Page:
The secret to becoming your highest self

And mastering adulthood

This past week I attended the IDEA world conference. One of the themes was “inspire” and I heard a lot of talks on becoming your highest self, including one delivered by Brendon Burchard.

Brendon is one of the 100 most followed people on Facebook, but until he stepped on the stage, I had never heard of him. I’ve since listened to a podcast with him and seen a few other things by him.

I have to say the dude is smart. If you want to learn how to market yourself and hook people on your content, he’s someone to watch. He has a way of posting things to Facebook that make you feel like they were written to you. However, as I was watched him present, I had difficulty connecting with his message.

The subject of Brendon’s talk was how to achieve mastery and become your highest self. He talked about finding clarity on what matters to you and using it as a message to share with the world. He discussed how spending time with loved ones mattered more than how many people follow you on social media. He gave tips on how to be more productive and happy.

I don’t disagree with him, but for me, his delivery felt flat. It held too many clichés and not enough admissions to the strange emotional struggles than come with living in a modern world where our biggest threats come from the thoughts in our head, not physical threats from the outside world.

One of the big criticisms of social media is that it lets us filter what people see. It creates an opportunity for us to present an idealized version of how we live and can make those who are watching feel as though they’ve failed in life, since they don’t feel as happy, attractive or successful as the people who they are following.

I call this phenomenon building the white picket fence.

Recently, my life has looked pretty damn idealistic to the outside world. I run my own business and it has a beautiful website full of photos of me smiling with professional hair and make-up. I got engaged in April and I’m the proud new owner of an adorable and sizable house.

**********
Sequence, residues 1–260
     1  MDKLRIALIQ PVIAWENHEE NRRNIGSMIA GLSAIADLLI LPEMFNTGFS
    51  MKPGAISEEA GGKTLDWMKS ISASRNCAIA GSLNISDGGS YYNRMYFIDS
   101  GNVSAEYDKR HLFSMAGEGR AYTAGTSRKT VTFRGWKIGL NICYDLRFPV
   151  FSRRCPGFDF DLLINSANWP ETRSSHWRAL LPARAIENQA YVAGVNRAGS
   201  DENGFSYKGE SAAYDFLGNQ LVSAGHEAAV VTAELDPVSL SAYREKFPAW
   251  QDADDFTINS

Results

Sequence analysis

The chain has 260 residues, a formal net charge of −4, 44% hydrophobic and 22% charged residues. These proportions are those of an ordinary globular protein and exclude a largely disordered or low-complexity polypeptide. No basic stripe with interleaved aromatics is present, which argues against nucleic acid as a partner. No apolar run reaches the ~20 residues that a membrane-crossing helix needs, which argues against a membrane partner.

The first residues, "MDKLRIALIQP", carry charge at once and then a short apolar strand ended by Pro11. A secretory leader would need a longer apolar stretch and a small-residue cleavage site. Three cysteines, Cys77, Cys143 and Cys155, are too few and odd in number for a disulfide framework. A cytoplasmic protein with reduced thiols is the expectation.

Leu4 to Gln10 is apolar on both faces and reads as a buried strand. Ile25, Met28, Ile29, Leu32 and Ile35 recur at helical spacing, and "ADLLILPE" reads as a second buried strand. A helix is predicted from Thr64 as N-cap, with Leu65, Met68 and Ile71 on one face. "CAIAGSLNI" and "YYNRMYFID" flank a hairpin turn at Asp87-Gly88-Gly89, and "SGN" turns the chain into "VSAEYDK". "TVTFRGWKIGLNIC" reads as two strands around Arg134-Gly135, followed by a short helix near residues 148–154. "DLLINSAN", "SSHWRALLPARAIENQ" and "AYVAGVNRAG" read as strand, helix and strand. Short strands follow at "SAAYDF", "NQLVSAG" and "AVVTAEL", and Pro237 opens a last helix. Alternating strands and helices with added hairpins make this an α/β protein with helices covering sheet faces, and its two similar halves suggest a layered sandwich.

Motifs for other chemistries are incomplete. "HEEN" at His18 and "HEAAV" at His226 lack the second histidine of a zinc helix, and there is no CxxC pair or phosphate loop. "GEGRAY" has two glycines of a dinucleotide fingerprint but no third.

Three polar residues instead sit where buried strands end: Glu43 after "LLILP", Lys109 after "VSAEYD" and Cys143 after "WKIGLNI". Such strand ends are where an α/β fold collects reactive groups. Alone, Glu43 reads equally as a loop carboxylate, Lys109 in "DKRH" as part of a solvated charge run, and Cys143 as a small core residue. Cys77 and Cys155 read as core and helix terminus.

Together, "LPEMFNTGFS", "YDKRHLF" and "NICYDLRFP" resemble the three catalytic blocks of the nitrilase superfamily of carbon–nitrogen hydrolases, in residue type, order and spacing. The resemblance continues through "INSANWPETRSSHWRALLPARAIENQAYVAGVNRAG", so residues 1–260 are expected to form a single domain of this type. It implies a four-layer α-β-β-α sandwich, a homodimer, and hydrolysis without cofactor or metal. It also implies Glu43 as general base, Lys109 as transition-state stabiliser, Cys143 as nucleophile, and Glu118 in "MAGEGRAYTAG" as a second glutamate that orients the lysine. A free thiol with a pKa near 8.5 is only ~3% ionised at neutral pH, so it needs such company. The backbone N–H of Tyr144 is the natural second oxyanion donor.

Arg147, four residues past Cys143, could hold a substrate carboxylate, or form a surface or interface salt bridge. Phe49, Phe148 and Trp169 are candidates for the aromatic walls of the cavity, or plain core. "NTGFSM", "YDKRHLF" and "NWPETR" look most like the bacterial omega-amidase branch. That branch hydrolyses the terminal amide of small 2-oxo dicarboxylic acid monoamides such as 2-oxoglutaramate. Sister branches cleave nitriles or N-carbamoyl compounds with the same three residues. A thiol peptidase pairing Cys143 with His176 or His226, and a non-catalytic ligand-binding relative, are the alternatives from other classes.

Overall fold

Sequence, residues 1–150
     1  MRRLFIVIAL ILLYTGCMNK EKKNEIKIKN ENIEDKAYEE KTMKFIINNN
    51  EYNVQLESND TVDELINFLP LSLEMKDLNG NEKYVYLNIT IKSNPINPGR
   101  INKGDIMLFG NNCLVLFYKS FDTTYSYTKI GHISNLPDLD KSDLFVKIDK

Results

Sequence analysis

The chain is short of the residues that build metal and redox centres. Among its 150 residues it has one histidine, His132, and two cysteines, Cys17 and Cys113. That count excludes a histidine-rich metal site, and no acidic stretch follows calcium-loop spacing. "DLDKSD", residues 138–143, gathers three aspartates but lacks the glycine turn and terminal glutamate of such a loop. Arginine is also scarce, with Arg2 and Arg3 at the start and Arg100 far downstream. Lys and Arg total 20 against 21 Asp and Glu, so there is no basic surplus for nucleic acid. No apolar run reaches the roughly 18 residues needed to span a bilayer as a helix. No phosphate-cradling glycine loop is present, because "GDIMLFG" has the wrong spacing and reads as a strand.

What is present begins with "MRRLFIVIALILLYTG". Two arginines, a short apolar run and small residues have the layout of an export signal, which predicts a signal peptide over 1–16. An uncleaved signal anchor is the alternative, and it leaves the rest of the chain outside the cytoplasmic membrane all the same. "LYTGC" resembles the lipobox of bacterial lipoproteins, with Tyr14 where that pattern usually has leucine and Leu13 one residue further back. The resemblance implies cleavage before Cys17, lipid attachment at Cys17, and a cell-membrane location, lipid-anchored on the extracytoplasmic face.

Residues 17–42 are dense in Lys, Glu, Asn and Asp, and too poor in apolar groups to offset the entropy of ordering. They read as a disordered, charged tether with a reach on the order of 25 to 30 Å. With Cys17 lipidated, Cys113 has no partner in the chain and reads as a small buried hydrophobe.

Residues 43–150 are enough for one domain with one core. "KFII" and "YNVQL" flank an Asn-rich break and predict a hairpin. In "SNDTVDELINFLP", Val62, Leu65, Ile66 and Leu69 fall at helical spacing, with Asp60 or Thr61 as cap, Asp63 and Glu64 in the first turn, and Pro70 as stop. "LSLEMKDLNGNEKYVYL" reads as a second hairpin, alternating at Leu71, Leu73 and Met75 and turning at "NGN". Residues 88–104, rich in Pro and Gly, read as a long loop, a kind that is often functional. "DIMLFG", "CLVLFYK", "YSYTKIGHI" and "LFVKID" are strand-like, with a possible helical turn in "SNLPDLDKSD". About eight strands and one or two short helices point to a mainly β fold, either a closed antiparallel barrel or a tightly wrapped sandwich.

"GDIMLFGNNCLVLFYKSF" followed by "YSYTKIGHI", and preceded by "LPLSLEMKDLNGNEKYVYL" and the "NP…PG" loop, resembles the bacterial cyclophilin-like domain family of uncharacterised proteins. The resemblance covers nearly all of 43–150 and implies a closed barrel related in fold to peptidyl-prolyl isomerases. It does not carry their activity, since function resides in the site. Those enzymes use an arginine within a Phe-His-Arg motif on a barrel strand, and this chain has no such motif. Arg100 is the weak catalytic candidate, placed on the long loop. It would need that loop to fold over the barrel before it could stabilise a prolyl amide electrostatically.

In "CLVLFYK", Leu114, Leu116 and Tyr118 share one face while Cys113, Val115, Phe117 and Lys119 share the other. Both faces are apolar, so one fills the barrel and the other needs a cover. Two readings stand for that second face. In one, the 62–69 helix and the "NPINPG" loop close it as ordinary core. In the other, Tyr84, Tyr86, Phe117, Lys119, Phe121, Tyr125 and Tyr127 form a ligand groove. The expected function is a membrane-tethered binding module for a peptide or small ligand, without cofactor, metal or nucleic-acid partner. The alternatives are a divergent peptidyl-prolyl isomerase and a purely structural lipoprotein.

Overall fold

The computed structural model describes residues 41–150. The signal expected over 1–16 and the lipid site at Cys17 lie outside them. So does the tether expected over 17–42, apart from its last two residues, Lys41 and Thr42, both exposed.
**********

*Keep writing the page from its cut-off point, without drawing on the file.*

Now, that’s not fortune and fame, but for the average person that’s success, right? I’ve built a business, found a person to spend my life with and we’re settling down in a space that looks like it came out of Pleasantville, but there’s a catch.

While I feel sincere gratitude, I don’t feel successful.

The reality is I’m blessed. Based on the family I was born into and the people I’ve met, I’ve been given unique opportunities that not everyone has, which has allowed me to forgo a day job, follow my passion and start a business. I’m also incredibly lucky that I have found someone who is willing to love me and be patient with me even when I’m at my worst and can’t be patient or kind to myself.

However, these white picket fence images only portray isolated moments in my present life. What they don’t tell you is how I got there, where I’m going or all the thoughts running through my head when these pictures were taken.

The engagement photos on my Facebook page fail to convey the numerous failed relationships that came before I met my partner.

Gorgeous photo of my engagement ring, but there's more to the story.

They don’t tell you about the time after a break-up when I cried so hard I threw up. There is no caption telling you that it took 7 years of therapy to get me to a place where I was emotionally stable enough to have a healthy relationship or accept love.

My smiling headshot on my website doesn’t show the time I was fired from my first personal training job and told that I was in the wrong industry. It doesn’t tell the story of all the classes I taught when no one showed up. It doesn’t account for the yearlong sabbatical I took from teaching fitness to pursue an accounting degree in attempt to get a respectable job with health insurance. Nor does it tell you that I spent that whole year in a severely depressed state trying to figure my shit out.

The pictures of my new house on Facebook don’t reflect the anxiety I felt giving up my liquidity to buy it. They don’t show my frustration with the banks for telling me I lacked earning potential and would qualify for a loan only because of the person I was marrying. They don’t demonstrate my fear of becoming trapped in one place with no options for leaving.